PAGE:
Stories from the Stringam Family Ranches of Southern Alberta

From the 50s and 60s to today . . .



Friday, September 13, 2013

Free Stuff

It was the most exciting, amazing, stupendous, thrilling, exhilarating, stirring, electrifying, sensational thing!
Ever!!!
Okay, I admit that I lived in the middle of the prairie, at the back of beyond, just past the end of the road, and not quite to that part on the map where it says ‘Here be Dragons’.
Sigh.
Where was I?
Oh, yes. Exciting, amazing, (see above) . . .
The mail at the ranch came whenever someone drove into the nearest town, Milk River, and picked it up.
Sooo . . . intermittently.
Whenever Dad would appear with an armload of envelopes and dunners and fliers, I would always be first in line to greet him.
The ensuing conversation went something like this:
Me: Dad! Anything for me?
Dad: What’s your name?
Me: Diane!
Dad: Nope.
Me: Rats!
As time went by, I got smarter and learned to circumvent his inevitable question and get directly to the disappointment . . .
Me: Dad! Anything for me? My name’s Diane!
Dad: Nope.
Me: Rats!
See how much better that is?
Moving on . . .
Then my friend, Kathy, pointed out the amazing, stupendous (see above, again) activity.
She was looking through a magazine on the school bus on the way home from school and pointed out the rows and rows (and rows) of offers listed in the back few pages.
And many of them were absolutely free! (Their words)
She told me that most magazines had the same listings and that if you sent requests, the advertisers would send you . . . get this . . . free stuff!
What could possibly be better than that?!
When we got home that night, I dove into the stack of magazines that inevitably accompanied Dad’s comfy chair in the front room.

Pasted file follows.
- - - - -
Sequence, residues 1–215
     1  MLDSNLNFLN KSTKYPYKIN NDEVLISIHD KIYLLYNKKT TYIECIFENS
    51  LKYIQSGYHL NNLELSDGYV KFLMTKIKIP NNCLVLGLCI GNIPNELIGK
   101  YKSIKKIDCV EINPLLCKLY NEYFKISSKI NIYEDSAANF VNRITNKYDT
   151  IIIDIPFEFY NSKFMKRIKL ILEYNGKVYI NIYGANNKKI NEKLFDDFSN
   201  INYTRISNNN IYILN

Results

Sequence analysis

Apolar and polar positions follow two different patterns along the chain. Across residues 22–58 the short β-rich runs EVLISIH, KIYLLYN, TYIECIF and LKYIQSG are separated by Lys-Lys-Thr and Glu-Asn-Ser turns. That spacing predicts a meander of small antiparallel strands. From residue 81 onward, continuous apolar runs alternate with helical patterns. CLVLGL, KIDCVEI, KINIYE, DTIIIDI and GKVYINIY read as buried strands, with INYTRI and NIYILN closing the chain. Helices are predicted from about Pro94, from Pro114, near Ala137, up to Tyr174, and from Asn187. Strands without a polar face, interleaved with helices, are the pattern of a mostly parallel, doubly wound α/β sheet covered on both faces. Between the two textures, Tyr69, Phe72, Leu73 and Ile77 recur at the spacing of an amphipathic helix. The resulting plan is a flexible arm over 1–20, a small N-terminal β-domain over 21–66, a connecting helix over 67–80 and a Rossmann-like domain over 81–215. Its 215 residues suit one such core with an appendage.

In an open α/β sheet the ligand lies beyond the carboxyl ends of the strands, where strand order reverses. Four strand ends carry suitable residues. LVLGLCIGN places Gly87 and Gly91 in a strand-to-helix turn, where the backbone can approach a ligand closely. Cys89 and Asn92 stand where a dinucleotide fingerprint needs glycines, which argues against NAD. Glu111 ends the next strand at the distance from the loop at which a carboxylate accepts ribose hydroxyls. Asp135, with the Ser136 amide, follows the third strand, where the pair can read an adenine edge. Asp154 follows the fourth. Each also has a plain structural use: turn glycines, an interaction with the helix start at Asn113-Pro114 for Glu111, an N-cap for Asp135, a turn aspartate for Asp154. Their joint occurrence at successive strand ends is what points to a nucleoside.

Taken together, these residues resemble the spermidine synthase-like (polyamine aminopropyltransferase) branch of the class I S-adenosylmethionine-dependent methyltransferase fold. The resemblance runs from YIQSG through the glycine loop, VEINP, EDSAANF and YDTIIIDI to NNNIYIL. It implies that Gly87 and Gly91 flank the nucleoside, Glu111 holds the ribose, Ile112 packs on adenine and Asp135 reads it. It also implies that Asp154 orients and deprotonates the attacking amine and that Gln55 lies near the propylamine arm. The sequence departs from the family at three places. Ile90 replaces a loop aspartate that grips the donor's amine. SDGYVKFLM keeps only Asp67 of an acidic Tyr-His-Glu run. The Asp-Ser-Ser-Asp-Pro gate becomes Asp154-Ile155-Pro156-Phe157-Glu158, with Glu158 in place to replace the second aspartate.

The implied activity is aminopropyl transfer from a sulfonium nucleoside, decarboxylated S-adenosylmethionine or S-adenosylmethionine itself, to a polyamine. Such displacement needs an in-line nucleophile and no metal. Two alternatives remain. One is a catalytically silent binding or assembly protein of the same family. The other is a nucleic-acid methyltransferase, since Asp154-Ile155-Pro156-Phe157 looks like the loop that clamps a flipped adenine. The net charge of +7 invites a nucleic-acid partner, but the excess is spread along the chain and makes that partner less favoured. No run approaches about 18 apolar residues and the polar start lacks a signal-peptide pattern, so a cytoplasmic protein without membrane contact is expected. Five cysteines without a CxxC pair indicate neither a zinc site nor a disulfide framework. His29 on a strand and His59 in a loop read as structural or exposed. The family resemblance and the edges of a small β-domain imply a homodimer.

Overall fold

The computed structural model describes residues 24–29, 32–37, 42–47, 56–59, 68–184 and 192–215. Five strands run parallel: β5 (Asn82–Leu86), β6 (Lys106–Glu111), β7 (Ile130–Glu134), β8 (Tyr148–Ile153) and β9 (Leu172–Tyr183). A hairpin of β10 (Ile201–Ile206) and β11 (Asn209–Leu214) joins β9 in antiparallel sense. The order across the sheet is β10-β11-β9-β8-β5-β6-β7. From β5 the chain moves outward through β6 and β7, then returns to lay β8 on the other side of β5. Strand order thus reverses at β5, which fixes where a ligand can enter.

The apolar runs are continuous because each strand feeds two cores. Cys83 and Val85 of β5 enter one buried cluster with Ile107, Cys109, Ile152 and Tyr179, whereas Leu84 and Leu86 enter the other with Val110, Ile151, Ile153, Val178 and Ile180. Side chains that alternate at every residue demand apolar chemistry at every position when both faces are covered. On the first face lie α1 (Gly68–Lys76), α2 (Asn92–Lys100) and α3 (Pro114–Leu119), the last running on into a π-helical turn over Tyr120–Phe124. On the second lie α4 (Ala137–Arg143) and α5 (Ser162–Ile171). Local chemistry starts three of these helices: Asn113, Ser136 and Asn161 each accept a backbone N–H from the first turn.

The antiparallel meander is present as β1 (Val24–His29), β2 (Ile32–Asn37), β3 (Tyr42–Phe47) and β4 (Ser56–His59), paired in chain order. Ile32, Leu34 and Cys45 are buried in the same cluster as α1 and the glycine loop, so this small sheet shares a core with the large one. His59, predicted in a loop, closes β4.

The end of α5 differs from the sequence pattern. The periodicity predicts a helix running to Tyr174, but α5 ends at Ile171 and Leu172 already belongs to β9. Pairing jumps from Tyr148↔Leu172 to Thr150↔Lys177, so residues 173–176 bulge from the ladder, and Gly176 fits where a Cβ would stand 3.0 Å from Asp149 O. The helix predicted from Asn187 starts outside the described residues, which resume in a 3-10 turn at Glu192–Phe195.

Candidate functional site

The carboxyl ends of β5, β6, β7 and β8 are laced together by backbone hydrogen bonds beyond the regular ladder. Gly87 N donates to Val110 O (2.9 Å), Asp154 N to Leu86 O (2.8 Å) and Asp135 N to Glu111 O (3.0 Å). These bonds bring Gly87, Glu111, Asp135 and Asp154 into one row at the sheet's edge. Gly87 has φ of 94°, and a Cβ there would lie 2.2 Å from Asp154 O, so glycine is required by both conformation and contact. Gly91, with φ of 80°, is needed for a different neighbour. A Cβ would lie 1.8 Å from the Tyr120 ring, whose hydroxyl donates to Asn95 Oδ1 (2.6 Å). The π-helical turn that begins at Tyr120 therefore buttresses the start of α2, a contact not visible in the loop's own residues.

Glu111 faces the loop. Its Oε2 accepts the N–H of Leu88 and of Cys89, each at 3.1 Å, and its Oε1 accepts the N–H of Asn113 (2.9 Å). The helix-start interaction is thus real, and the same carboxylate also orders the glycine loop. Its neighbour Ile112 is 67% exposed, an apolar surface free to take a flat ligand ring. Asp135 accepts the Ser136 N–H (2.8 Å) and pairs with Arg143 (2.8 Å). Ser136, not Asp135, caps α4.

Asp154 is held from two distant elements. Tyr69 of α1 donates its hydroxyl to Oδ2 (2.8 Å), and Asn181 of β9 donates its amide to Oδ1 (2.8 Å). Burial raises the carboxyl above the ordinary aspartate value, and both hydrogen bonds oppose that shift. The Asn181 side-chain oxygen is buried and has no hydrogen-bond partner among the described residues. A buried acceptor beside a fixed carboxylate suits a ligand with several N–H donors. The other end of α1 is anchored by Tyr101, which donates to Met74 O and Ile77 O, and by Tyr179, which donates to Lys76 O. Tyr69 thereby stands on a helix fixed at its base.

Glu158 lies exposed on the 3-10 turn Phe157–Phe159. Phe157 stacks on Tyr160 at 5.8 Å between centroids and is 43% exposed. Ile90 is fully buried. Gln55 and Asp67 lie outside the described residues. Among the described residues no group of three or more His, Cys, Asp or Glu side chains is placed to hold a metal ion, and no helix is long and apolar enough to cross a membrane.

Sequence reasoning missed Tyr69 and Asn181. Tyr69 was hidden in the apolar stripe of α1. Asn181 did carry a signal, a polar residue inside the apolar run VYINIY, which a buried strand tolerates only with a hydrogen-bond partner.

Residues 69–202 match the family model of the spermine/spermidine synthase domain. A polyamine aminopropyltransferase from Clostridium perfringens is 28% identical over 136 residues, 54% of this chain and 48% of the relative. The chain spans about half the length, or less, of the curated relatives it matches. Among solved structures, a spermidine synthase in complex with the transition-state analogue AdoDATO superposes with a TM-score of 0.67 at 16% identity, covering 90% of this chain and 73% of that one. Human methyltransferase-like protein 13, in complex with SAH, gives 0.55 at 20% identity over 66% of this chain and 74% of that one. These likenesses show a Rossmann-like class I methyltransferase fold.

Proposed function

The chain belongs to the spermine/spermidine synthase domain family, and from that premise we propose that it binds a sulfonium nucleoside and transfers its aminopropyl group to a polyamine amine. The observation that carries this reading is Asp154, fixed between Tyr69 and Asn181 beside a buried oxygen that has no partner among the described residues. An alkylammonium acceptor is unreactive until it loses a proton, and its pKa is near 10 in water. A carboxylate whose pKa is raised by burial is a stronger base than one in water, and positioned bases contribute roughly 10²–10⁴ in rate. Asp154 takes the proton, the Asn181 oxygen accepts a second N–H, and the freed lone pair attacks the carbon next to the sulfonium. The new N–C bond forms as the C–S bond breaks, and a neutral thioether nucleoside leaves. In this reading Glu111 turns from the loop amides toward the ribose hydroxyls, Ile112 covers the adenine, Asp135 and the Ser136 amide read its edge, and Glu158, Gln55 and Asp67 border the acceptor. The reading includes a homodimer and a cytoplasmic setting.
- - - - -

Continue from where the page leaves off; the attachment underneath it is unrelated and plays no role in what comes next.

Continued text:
Wow! The Western Horseman was loaded! Even the Canadian Veterinary Journal hosted pages and pages of . . . stuff!
I was set.
For the next few evenings, I was happily closeted with one or more magazines, carefully writing out my requests and enclosing them in their handy-dandy envelopes.
Then I raided Dad’s desk for stamps – would you believe that it only cost four cents to mail an envelope back then? – and handed the pile to my dad for mailing during the next town run.
Then I waited.
And waited.
Finally . . . it happened.
Me: Dad! Anything for me? My name’s Diane!
Dad (just slightly surprised): Yes. This came for you!
Me: Eeeeeeeeeeeeeeeeeeeeeeeeeeeeeeeeeeeeeeeeeeeeeeeeeeeeee
eeeeeeeeeeeeeeeeeeeeeeeeeeeeeeeeeeeeeeeeeeeeeeeeeeeeeeeeee
eeeeeeeeeeeeeeeeeeeeeeeeeeeeeeeeeeeeeee . . .!
You get the picture.
For months, I got catalogues, pictures, pens, trinkets, the occasional poster and several hair-grooming necessities.
Life was good.
I finally lost interest in the searching and requesting.
Though I never tired of the receiving.
But the one never happened without the other.
Sigh.
Moving forward several decades . . .
Yesterday my daughter came in from getting the mail.
Me: Oooo, mail! Anything for me?
Daughter: Yeah, there’s a package here for you.
Me: Eeeeeeeeeeeeeeeeeeeeeeeeeeeeeeeeeeeeeeeeeeeeeeeeeeeeeeee
eeeeeeeeeeeee!
Some things never change.

8 comments:

  1. I love getting mail, too! (Who doesn't, probably?)

    Email is just as good. I'm surprised, because I never thought it would be, but it is :)

    ReplyDelete
    Replies
    1. Yep. Send me anything, I'm a happy camper!!!

      Delete
  2. I've always loved getting mail, too, and I used to do the same with the magazines! I also had about 30 pen pals, so I was always getting something (and using my mom's stamps). :) I have to agree with jenny_o, email is pretty good, too!

    ReplyDelete
    Replies
    1. I never had penpals. I really missed out . . .

      Delete
  3. Nothing more exciting than mail that isn't a bill.

    ReplyDelete
  4. I get real mail so rarely, even a bill is a mild pleasure. I get a letter from my sister maybe once a year. We're not a very communicative family.
    In primary school, our grade 7 teacher introduced us to the idea of penpals, she had a list of names from the same grade at a school far across the ocean and we all wrote a letter to the name we were given. We sealed them in envelopes, attached stamps and watched from the school gate as Mrs M walked across the street and mailed them in the big red post box. I never got a reply and I don't know that anyone else did either.

    ReplyDelete
  5. I love "Snail Mail!" People are losing the art of the hand written notes posted to special people.

    Love,
    Chris

    ReplyDelete

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